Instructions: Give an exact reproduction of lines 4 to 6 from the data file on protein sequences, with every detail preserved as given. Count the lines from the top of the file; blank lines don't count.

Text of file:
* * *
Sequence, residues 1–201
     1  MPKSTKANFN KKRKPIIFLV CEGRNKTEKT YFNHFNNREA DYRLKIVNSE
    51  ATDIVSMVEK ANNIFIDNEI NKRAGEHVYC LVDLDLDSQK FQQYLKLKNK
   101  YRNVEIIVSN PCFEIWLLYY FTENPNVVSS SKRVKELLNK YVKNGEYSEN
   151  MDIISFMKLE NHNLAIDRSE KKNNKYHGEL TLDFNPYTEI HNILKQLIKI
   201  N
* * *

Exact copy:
   101  YRNVEIIVSN PCFEIWLLYY FTENPNVVSS SKRVKELLNK YVKNGEYSEN
   151  MDIISFMKLE NHNLAIDRSE KKNNKYHGEL TLDFNPYTEI HNILKQLIKI
   201  N